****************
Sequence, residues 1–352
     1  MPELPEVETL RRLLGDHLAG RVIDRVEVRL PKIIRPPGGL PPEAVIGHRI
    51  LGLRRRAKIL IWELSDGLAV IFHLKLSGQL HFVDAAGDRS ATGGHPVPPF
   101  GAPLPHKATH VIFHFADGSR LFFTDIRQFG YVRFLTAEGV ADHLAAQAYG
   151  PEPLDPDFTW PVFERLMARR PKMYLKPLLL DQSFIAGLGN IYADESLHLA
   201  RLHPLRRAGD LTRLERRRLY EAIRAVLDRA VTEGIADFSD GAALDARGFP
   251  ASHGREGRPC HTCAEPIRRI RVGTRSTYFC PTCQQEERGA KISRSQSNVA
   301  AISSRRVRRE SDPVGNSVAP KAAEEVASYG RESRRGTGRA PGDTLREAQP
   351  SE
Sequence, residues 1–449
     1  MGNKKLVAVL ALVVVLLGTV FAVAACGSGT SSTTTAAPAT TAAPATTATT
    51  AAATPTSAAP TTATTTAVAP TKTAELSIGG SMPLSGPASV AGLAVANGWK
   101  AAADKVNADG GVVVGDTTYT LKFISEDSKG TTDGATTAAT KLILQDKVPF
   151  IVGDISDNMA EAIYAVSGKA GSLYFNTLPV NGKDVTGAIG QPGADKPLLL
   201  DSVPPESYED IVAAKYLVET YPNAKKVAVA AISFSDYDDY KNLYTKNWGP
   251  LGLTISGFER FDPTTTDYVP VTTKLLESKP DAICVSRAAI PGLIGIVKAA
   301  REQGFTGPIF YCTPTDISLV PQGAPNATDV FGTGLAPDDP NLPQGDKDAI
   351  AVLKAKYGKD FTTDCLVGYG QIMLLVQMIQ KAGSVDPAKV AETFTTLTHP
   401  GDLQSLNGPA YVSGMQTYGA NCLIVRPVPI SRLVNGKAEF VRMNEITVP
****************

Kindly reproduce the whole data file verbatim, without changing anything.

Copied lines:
Sequence, residues 1–352
     1  MPELPEVETL RRLLGDHLAG RVIDRVEVRL PKIIRPPGGL PPEAVIGHRI
    51  LGLRRRAKIL IWELSDGLAV IFHLKLSGQL HFVDAAGDRS ATGGHPVPPF
   101  GAPLPHKATH VIFHFADGSR LFFTDIRQFG YVRFLTAEGV ADHLAAQAYG
   151  PEPLDPDFTW PVFERLMARR PKMYLKPLLL DQSFIAGLGN IYADESLHLA
   201  RLHPLRRAGD LTRLERRRLY EAIRAVLDRA VTEGIADFSD GAALDARGFP
   251  ASHGREGRPC HTCAEPIRRI RVGTRSTYFC PTCQQEERGA KISRSQSNVA
   301  AISSRRVRRE SDPVGNSVAP KAAEEVASYG RESRRGTGRA PGDTLREAQP
   351  SE
Sequence, residues 1–449
     1  MGNKKLVAVL ALVVVLLGTV FAVAACGSGT SSTTTAAPAT TAAPATTATT
    51  AAATPTSAAP TTATTTAVAP TKTAELSIGG SMPLSGPASV AGLAVANGWK
   101  AAADKVNADG GVVVGDTTYT LKFISEDSKG TTDGATTAAT KLILQDKVPF
   151  IVGDISDNMA EAIYAVSGKA GSLYFNTLPV NGKDVTGAIG QPGADKPLLL
   201  DSVPPESYED IVAAKYLVET YPNAKKVAVA AISFSDYDDY KNLYTKNWGP
   251  LGLTISGFER FDPTTTDYVP VTTKLLESKP DAICVSRAAI PGLIGIVKAA
   301  REQGFTGPIF YCTPTDISLV PQGAPNATDV FGTGLAPDDP NLPQGDKDAI
   351  AVLKAKYGKD FTTDCLVGYG QIMLLVQMIQ KAGSVDPAKV AETFTTLTHP
   401  GDLQSLNGPA YVSGMQTYGA NCLIVRPVPI SRLVNGKAEF VRMNEITVP